Leave No One Behind
AIRFE App is an innovative tool to ensure inclusive evaluation in times where adaptation is needed
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Who We Are:"Leave No One Behind"
Our team includes;
Ariella Carolino, Freelancer Monitoring and Evaluation Consultant (Brazil),
Claudia Olavarría, Sociologist, University of Chile (Chile),
Sylvie Margat, Evaluator, French Agency for Development (France) and
Sharon Ndandula, Results Measurement Consultant, International Finance Corporation (Zambia).
What We Are Doing
In the context of the COVID-19 pandemic and other crises, data collection within remote communities and with hard-to-reach end beneficiaries faces challenges due to travel restrictions for international consultants, limited availability of national evaluators due to growing demand, and shifting priorities of field office staff and counterparts due to the COVID-19 response. The limited access to field sites can lead to a heavy reliance on remote data collection methods, which, in combination with convenience sampling, entails intrinsic potential biases against under-represented groups in the selection of respondents.
Our team is working on developing an inclusive- oriented tool, that is adaptable for times of crises, that evaluators can use to get in touch with the most vulnerable and hard-to-reach persons that evaluators can use in order to solve the problem of adequate data collection (and collaborative evaluation management) during moments of crisis, like COVID-19.
Daily Progress and Outcomes
*The team has been meeting daily to brainstorm and has come up with some interesting ideas. We are collaborating via Google Docs, too, to share our ideas and comments.
*The group worked well as a team once it started the brainstorming process through video calls, bringing common ideas/problems during the meetings and developing further from there. There was no need to vote on a better idea because the solution was gradually developed together.
*Due to the hackathon format of delivering a 2-3 minute pitch video, the group decided that an innovative tool would be the best idea to follow, instead of a checklist of standards and procedures to ensure equity and comprehensive representation in data collection in moments where adaptation is needed. That research effort, although extremely necessary, is more easily found across the globe, in diverse evaluation think tanks/institutions. In that case, the innovation itself would be more of a systematization type, which is an ongoing work already, and would demand an immense time that is unavailable during a hackathon.
*The team conducted some interviews with some stakeholders working in crisis areas to find out what tools they are using but also across the data collection community of evaluators. The interviews helped the team understand better the tools for data collection used and how these could be improved.
*The innovative tool idea, on the other hand, would be greatly useful from a hands-on perspective. In face of an immediate crisis (whether it be a climate change-related disaster, a pandemic such as Covid-19, or the outbreak of war), evaluators would benefit from a tool both accessible and easy to tailor to their own needs.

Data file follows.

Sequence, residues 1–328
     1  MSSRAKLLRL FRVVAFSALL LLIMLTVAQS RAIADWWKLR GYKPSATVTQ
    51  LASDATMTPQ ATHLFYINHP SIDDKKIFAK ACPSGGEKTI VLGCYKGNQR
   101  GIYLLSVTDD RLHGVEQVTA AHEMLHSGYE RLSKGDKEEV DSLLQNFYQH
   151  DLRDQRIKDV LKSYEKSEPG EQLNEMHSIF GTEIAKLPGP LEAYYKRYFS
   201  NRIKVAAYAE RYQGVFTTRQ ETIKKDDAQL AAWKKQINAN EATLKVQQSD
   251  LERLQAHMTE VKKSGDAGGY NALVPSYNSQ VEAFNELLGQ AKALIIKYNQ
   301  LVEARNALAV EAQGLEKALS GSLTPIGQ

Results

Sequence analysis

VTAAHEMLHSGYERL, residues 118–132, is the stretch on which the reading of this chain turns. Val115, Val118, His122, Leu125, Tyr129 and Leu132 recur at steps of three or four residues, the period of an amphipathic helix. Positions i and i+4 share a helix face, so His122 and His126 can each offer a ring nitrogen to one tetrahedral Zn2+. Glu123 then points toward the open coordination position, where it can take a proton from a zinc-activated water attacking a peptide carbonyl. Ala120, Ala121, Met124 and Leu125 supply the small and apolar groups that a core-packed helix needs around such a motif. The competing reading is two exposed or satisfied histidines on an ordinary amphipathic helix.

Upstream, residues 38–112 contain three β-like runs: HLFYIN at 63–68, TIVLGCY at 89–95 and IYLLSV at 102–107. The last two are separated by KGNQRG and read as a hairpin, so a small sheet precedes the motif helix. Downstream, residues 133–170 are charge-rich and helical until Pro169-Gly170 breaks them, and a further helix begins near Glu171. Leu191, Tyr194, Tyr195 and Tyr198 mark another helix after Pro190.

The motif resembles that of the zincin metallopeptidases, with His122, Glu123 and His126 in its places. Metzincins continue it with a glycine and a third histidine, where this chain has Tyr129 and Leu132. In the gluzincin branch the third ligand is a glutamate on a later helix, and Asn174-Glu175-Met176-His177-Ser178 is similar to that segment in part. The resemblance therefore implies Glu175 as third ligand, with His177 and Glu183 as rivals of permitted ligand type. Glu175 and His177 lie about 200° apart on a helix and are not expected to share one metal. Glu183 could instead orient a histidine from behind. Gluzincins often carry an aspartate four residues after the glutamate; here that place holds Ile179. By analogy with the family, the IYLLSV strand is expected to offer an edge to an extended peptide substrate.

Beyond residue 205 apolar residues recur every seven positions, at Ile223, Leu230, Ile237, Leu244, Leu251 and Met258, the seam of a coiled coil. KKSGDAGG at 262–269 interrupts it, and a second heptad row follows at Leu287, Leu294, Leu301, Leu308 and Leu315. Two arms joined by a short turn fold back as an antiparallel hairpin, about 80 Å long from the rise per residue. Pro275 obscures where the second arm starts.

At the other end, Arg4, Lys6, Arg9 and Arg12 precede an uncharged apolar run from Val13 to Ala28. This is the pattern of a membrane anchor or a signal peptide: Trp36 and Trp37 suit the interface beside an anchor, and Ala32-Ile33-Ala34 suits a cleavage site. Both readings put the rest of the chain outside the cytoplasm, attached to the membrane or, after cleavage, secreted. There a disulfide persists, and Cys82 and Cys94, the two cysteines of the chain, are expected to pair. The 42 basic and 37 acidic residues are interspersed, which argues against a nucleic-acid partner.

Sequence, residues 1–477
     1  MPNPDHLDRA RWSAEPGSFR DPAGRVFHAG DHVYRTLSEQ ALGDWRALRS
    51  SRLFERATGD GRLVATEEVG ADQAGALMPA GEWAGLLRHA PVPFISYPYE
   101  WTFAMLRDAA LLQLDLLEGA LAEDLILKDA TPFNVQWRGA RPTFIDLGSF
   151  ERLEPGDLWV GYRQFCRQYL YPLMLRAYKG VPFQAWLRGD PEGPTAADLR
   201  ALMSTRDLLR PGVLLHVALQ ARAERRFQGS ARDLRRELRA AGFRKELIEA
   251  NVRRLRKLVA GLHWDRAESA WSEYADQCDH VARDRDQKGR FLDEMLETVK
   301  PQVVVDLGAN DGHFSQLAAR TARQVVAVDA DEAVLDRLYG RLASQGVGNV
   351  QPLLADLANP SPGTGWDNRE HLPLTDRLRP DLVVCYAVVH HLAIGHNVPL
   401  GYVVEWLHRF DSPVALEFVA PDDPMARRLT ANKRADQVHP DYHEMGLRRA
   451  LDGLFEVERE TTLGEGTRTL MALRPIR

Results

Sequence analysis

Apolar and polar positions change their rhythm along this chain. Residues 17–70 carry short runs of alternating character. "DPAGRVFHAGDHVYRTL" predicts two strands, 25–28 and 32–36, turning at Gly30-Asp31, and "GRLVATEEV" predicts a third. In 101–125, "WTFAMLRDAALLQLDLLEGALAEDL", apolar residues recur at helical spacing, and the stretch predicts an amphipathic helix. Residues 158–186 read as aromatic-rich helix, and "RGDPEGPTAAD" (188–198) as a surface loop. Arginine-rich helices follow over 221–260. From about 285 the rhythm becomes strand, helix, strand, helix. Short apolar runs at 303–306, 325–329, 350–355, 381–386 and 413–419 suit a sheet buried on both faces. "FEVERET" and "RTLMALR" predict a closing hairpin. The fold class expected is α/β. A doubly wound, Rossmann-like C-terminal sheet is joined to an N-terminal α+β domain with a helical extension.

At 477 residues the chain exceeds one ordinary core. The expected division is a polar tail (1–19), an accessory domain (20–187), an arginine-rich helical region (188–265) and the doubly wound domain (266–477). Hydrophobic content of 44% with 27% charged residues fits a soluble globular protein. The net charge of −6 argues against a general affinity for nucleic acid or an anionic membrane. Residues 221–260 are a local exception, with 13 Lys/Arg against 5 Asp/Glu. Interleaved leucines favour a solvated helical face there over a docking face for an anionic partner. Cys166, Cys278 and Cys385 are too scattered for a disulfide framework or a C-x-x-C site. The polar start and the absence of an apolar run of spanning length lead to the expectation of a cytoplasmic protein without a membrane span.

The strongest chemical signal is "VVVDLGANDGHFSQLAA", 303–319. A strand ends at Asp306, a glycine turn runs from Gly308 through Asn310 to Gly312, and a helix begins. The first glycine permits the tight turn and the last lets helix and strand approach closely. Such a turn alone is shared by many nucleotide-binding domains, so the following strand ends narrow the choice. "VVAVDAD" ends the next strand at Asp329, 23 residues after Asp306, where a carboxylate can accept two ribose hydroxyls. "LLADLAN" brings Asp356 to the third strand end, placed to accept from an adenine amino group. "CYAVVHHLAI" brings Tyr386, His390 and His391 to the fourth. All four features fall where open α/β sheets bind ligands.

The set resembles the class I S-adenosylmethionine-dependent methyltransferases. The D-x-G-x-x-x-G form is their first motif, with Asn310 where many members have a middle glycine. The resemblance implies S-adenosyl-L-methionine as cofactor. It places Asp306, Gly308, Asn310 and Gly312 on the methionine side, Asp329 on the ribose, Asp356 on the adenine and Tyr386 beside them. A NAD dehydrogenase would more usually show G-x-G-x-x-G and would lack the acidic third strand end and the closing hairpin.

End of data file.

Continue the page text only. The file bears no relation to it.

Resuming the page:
*There was a consensus around the scope of the challenge and the multiple issues/concerns involved, which also led the team to keep a broad frame while thinking about the "ideal persona". Like the team name itself, our goal is to “leave no one behind” during evaluations undertaken in times of crises. This meant trying to develop a tool flexible enough to adapt and to use in various types of scenario and data collection necessities.
Main issues that our challenge should tackle and address
2. Digital inaccessibility (no access to the internet, Wi-Fi or equipment, such as computers, tablets and smartphones)
3. High Vulnerability (marginalization, domestic violence, poverty, drug disorders)
4. Intense spatial mobility during work hours (street vendors, for example)
5. Homelessness or frequent housing mobility
6. Hard-to-reach communities, such as indigenous people in the Amazon region
7. Refugees and recent immigrants without proper documentation=> The issues, above, also describe some of our stakeholder’s persona most challenging social and economic characteristics. They are at the core of challenge 3’s concern, which is how to ensure that evaluation being undertaken in times of crisis (such as Covid-19) can be successfully inclusive and leave no one behind.
The Adaptive and Inclusive Remote Field Evaluation App
Prototyping and Testing (requirements to enhance app’s usability)
- Engagement of grassroot community organizations (GRO);
- Identification and engagement of focal points/facilitators in communities;
- Training GRO and community focal points to contribute with data collection in the app;
- A methodological design that incorporates a set of complementary tools;
- An “evaluation design” feature in the app, making it possible to tailor the process according to program/project, territory, target-population, evaluation goals and limitations (in terms of language, culture, digital inaccessibility, illiteracy, physical disabilities etc);
- A representative (intentioned) sample design;
- Budget to distribute devices to use the app, in case it is needed;
- Provide internet access for grassroot community organization, if needed and feasible.
After a lot of discussions and iterations, we have our prototype!
WE DID IT! Our video has finally been posted. After many hours of discussions, google doc editions and takes, we finally got it right on our 4th take :) This has been a great opportunity for collaboration. We have all learnt so much and built a great network! Thankyou IPDET for the opportunity to participate in the Evaluation Hackathon!